In a question at a New Hampshire debate, the Republican candidates were asked how they would campaign against Barack Obama if he wins the Democratic nomination. Mitt Romney's first response was to argue that Obama "wants the government to take over health care, spend hundreds of billions of dollars of new money for health insurance for everyone."
Problem is, Obama's plan keeps the free-market health care system intact, particularly employer-based insurance. His plan expands existing programs for the uninsured by increaseing eligibility for the poor and children to enroll in initiatives like Medicaid and the State Children's Health Insurance Program. His plan also creates pools for individuals to buy their own cheaper insurance. And it outlines several strategies aimed at reining in costs for everyone, such as streamlining medical record-keeping and emphasizing preventative care.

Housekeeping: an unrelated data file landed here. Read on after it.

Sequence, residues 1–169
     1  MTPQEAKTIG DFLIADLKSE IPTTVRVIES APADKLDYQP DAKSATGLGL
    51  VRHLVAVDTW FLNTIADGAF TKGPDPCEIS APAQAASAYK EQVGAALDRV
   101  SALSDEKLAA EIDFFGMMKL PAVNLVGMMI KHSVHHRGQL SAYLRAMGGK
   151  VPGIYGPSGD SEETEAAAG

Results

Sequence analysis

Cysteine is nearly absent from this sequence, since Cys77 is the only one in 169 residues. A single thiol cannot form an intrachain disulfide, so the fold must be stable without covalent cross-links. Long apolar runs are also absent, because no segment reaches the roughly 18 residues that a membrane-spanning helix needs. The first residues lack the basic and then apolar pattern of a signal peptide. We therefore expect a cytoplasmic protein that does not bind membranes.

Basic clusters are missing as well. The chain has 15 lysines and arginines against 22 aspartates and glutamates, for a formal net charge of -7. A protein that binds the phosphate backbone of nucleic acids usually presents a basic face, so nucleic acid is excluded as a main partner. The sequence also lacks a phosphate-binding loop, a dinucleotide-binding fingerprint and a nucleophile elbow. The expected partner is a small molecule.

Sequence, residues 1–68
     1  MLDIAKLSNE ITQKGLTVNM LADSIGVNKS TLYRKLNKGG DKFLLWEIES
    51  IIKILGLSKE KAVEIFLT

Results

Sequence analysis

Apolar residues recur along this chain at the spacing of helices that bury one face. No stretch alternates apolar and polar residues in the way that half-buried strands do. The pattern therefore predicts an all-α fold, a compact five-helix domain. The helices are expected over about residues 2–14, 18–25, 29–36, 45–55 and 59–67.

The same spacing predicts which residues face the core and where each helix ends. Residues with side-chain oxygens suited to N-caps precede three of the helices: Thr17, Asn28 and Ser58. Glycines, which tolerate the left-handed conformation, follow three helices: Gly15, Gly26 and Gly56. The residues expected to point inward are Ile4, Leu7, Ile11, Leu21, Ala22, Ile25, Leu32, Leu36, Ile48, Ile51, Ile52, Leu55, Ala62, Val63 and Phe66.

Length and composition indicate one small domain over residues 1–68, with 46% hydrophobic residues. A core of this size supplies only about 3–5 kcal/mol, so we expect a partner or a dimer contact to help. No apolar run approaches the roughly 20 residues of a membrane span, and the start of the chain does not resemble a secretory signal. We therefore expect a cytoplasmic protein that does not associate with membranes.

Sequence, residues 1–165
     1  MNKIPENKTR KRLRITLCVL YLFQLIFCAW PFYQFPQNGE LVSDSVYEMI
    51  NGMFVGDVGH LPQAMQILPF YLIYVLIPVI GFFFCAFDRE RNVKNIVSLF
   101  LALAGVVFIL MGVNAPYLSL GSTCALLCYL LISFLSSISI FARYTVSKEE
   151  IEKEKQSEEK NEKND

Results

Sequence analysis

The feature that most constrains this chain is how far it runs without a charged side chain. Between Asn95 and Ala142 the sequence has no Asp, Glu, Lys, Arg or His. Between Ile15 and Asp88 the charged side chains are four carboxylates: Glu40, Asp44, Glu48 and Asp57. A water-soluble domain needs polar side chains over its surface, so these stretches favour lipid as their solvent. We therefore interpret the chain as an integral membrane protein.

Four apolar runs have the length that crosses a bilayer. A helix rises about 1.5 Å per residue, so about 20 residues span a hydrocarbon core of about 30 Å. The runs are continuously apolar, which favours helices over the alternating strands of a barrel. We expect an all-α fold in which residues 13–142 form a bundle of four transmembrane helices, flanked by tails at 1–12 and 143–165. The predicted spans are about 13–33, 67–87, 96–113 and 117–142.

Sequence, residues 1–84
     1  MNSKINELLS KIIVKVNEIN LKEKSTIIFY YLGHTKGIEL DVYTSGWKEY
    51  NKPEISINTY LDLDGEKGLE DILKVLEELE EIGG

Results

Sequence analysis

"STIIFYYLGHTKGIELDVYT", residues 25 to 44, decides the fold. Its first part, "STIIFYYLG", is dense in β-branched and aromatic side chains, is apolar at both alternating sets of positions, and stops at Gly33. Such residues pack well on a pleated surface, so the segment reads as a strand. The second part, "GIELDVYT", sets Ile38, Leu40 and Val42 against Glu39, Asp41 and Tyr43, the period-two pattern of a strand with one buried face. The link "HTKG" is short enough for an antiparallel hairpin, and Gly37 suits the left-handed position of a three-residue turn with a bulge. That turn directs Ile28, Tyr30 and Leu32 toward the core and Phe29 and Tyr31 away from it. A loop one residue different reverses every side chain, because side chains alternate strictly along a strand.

Romney is also off when he says that Obama wants to spend hundreds of billions of dollars. The Obama campaign has said that Obama believes the cost will be less than $100-billion — between $50-billion and $65-billion.
Romney is correct when he says Obama wants to cover everyone; Obama has said that is his goal. But Obama has no mandate requiring that adults buy health insurance. How many people would remain uninsured has become a hot issue in the Democratic primary. (See our coverage of this issue here . )
At best, Romney is wrong on two out of three points in his attack on the Obama health plan. It's not a government takeover and the purported cost is less than what Romney stated. For these reasons, we rate Romney's statement Barely True.
Editor's note: This statement was rated Barely True when it was published. On July 27, 2011, we changed the name for the rating to Mostly False.